In the March addition of Consumer Reports magazine is an article about appliance fires and how about half off fires caused by appliances “appear to be due to problems with the appliances themselves,” not consumer error.
The Consumer Product Safety Commission, using estimates from 2006 through 2008, says that major appliances caused more than 150,000 residential fires each year, resulting in 3,670 injuries, 150 deaths, and $547 million dollars in property damage.
As product designs become more complex and companies work harder and faster to come out with the next great innovation, the complexity of these appliances can lead to other problems.
“We’ve seen a race to the bottom in terms of cheap parts and disposable products,” says Andrea Gabor, a quality-management expert and Bloomberg Professor of Business Journalism at the City University of New York’s Baruch College, who has studied the appliance, automobile, and electronics industries.
While manufacturers have already made significant enhancements to improve product safety, such as automatic shutoff on coffeemakers, for example, and the antijamming mechanics on toasters, there is still more that can and should be done.
Consumer Reports lists eight ways to protect yourself:
Register new appliances.That way you should be notified promptly if a product is recalled. Appliances usually come with a registration card for you to fill out and mail to the company, or you can register on the manufacturer’s website or by phone. Worried about junk mail? Then you can just provide your name, contact information, and model number.
Check for recalls. You can find a central website for several government agencies at www.recalls.gov, and some let you sign up for alerts. If you move into a home with existing appliances, record their make and model and check the websites for recalls. Also review consumers’ experiences with those products at www.saferproducts.gov. And if you experience a problem, report it on the same website and let us know at ReportApplianceFires@cr.consumer.org.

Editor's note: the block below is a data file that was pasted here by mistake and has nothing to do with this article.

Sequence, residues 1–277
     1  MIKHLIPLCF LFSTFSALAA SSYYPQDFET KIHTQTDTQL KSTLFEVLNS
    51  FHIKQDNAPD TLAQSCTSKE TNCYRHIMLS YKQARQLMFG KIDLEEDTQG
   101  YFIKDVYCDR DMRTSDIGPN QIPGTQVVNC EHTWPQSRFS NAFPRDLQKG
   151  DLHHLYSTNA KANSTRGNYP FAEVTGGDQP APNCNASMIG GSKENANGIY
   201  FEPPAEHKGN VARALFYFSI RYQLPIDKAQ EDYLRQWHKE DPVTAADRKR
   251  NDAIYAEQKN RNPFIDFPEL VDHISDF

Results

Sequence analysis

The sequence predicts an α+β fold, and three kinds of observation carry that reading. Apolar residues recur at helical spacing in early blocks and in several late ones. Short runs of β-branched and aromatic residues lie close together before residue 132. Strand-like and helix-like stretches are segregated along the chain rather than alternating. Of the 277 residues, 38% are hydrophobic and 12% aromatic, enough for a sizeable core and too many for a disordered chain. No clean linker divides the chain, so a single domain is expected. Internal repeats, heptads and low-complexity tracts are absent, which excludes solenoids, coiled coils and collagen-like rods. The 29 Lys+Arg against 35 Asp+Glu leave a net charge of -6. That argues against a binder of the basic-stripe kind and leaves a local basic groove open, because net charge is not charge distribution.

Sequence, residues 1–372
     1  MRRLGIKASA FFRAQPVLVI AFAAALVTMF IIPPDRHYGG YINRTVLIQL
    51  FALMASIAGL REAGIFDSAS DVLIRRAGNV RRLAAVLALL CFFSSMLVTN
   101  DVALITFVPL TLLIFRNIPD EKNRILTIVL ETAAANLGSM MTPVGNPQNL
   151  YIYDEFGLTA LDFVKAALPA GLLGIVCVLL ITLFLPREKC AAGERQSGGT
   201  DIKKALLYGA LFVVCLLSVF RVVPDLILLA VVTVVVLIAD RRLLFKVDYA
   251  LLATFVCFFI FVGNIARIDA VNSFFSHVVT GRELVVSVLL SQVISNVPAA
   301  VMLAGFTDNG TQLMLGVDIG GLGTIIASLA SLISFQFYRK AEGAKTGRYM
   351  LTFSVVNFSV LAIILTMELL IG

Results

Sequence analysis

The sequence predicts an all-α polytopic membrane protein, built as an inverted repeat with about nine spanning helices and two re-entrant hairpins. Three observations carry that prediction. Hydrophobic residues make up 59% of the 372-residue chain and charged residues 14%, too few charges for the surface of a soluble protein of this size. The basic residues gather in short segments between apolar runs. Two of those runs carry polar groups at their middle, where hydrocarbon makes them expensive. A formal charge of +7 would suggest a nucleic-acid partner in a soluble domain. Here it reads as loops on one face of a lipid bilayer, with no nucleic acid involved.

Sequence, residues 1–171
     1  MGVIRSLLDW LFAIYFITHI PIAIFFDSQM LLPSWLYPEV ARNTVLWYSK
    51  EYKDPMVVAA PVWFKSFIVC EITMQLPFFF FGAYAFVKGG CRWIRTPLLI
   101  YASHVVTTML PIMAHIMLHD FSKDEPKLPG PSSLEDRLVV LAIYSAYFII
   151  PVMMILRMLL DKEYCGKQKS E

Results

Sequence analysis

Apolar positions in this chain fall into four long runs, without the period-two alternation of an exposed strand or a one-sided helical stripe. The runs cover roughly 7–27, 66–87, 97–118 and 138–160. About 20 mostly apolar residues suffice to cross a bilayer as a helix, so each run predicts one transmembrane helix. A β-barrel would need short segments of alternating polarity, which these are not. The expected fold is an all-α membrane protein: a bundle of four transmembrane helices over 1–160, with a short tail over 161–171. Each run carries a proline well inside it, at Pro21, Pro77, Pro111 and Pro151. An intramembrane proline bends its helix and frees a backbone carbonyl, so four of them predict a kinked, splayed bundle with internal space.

Install fire-prevention equipment. Almost two-thirds of home fire deaths occur in homes that lack working smoke alarms. Each level of your home and every bedroom should have one. We recommend smoke alarms having both photoelectric and ionization sensors to provide the fastest response to any type of fire. We also recommend you keep one full-floor fire extinguisher (rated 2-A:10-B:C or greater) on every level, plus a smaller supplemental unit in the kitchen.
Inspect power cords. Look out for frayed power cords and never route electric cords (including extension cords) under carpeting, where they can overheat or be damaged
Check your home’s wiring. The electrical wiring in older homes can’t always handle the demands of modern appliances. Have your system inspected by a qualified electrician. They might recommend arc-fault circuit interrupters, which detect dangerous arcing of electrical currents caused by damaged wires, faulty appliances, and other problems. The upgrade might cost several hundred dollars, but considering that 30,000 fires are caused each year by arcing faults, it may be worth the expense.
Practice kitchen safety. Unattended cooking is a common fire-starter, whether you are using a range or a microwave oven. If small children are home, maintain a kids-free-zone of at least 3 feet and use back burners when possible. Unplug small appliances, including toasters and coffeemakers, when they’re not in use or you are away for long periods.
Clear range hoods. Grease buildup in range hoods is another fire hazard, so be sure to clean the vents regularly.
Keep dryer vents clear. Clean your dryer’s lint screen regularly to avoid lint buildup, which was listed as a factor in many fires. Use rigid metal dryer ducts instead of flexible ducts made of foil or plastic, which can sag and let lint build. And check them regularly to remove any lint buildup.
Read the entire article HERE.